Fifteen years ago when the septic system was installed the house was equipped with American Standard 5 gal. Flush toilets. I finally had the tank pumped and there was a 4in. "crust" on the top. The septic system has been trouble free in all this time. Am I better off switching to modern low flow toilets or staying with the old high volume ones?

I have a well and septic tank. Moved in here March 97 with 1000 gal septic tank and 300 feet of field lines in front yard. We don't flush the toilet every time it's used (pee'd in) although in the master bathroom I installed a new toilet that is advertised to suck 23 golf balls down when flushed. Original ones both were 1.9 gpf I think. The new toilet used a little less than that per flush and it actually flushes extremely well - compared to the original one that sometimes required flushing 2-3 times or plunging too in order to actually flush completely. After many years of that, I finally got tired of the poor flush it had and researched online to find the newer lower gpf toilets actually do work as intended. The earlier ones to my understanding mostly failed to actually provide the reduced water consumption intended due to multiple flushes often required.

I also have a front load GE washer and dryer that uses less water than the old top load models we replaced. Washer uses less water, spins faster which extracts more water from the clothes so the drying time is less. All in all using less energy and water. The skipped flushes don't sit for very long and both my wife and I just feel it is wasteful to flush a few ounces of pee down the drain with over a gallon of water every time one of us uses it. Kids gone for years, just the two of us here - when not working. During the summer when most people in "the country" can see where the field lines are in their yard by the lush green grass from the water it gets while the rest of the yard is not as green or tall after a few days since cutting it - our yard shows exactly the opposite. Our grass is often brown and even almost looks dead compared to the rest of the front yard. I attribute that to the gravel beds allowing the ground to dry out along with the little water usage we use. Our water filter shows our average daily usage for 2 people to be 35 gpd. It has been in place for over a decade now and I guess this is a lifetime average of our daily water usage.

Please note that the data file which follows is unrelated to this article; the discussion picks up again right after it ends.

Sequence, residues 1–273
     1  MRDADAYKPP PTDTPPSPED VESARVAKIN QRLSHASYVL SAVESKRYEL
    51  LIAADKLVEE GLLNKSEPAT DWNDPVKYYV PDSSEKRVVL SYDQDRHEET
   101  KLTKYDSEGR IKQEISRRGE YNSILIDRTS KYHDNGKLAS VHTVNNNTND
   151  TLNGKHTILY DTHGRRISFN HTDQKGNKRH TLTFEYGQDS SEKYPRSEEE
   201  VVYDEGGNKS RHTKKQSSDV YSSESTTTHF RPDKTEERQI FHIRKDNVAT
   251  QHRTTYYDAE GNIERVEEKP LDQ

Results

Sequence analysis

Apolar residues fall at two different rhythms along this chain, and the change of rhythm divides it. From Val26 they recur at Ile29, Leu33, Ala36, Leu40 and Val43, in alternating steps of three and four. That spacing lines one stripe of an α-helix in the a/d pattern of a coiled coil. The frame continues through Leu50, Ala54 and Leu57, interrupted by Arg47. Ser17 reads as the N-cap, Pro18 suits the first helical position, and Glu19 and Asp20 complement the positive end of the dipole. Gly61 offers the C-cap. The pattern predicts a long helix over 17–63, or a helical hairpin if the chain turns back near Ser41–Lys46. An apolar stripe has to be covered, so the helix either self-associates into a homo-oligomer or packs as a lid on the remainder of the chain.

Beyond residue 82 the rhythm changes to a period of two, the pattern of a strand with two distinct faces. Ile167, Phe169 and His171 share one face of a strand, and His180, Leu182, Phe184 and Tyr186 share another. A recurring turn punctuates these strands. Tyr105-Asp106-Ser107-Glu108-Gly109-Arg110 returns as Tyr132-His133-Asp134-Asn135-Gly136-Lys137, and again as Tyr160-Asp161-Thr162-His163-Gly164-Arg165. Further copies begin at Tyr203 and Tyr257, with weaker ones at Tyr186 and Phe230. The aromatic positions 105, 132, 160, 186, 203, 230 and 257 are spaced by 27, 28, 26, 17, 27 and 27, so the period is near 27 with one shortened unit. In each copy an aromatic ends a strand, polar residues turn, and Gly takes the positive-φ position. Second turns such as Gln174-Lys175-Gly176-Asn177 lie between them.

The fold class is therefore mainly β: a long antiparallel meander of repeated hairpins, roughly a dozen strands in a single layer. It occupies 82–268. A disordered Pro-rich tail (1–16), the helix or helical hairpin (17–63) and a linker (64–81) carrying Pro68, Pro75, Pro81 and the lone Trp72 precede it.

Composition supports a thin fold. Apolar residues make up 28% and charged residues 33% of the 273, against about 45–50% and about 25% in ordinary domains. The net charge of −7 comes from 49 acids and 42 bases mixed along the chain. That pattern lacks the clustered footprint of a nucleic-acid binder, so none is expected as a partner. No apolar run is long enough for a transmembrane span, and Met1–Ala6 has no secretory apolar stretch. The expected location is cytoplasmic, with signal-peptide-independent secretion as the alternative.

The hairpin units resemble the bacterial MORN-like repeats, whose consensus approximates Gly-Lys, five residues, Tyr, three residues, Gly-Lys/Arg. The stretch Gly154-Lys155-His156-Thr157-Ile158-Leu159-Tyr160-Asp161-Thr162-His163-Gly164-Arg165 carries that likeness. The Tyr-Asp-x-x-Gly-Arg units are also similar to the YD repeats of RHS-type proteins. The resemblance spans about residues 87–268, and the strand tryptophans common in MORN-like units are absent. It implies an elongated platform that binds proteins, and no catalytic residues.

The impact of the reduced water usage really applies to those on "city sewer" more than like myself. My wife works at local water dept and one year at the company Christmas party dinner the General Manager stated to everyone the water for the city water supply comes from a large lake. I forget the exact amount but something like 5-10 million gpd of water treated at the water treatment plant. Most of that water then goes back to the sewer treatment plant to be treated and discharged into a local river. He said the water leaving the sewer treatment plant was actually cleaner than the water in the lake that was used for the city water source due to EPA regulations. By reducing the waste water used city's reduce the treatment cost.